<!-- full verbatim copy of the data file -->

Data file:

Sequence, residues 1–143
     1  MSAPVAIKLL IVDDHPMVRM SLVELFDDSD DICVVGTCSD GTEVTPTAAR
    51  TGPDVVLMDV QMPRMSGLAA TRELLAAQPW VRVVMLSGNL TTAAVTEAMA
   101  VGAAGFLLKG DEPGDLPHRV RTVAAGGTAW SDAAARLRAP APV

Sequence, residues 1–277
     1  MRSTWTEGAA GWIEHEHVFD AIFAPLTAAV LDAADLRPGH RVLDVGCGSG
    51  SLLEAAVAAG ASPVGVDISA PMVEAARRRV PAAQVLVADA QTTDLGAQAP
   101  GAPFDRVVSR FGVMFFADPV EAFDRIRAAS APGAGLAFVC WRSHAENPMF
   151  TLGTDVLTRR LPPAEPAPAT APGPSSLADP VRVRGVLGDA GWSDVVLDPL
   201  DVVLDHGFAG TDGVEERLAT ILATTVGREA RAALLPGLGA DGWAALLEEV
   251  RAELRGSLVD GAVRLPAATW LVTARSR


Sequence, residues 1–143
     1  MSAPVAIKLL IVDDHPMVRM SLVELFDDSD DICVVGTCSD GTEVTPTAAR
    51  TGPDVVLMDV QMPRMSGLAA TRELLAAQPW VRVVMLSGNL TTAAVTEAMA
   101  VGAAGFLLKG DEPGDLPHRV RTVAAGGTAW SDAAARLRAP APV

Sequence, residues 1–277
     1  MRSTWTEGAA GWIEHEHVFD AIFAPLTAAV LDAADLRPGH RVLDVGCGSG
    51  SLLEAAVAAG ASPVGVDISA PMVEAARRRV PAAQVLVADA QTTDLGAQAP
   101  GAPFDRVVSR FGVMFFADPV EAFDRIRAAS APGAGLAFVC WRSHAENPMF
   151  TLGTDVLTRR LPPAEPAPAT APGPSSLADP VRVRGVLGDA GWSDVVLDPL
   201  DVVLDHGFAG TDGVEERLAT ILATTVGREA RAALLPGLGA DGWAALLEEV
   251  RAELRGSLVD GAVRLPAATW LVTARSR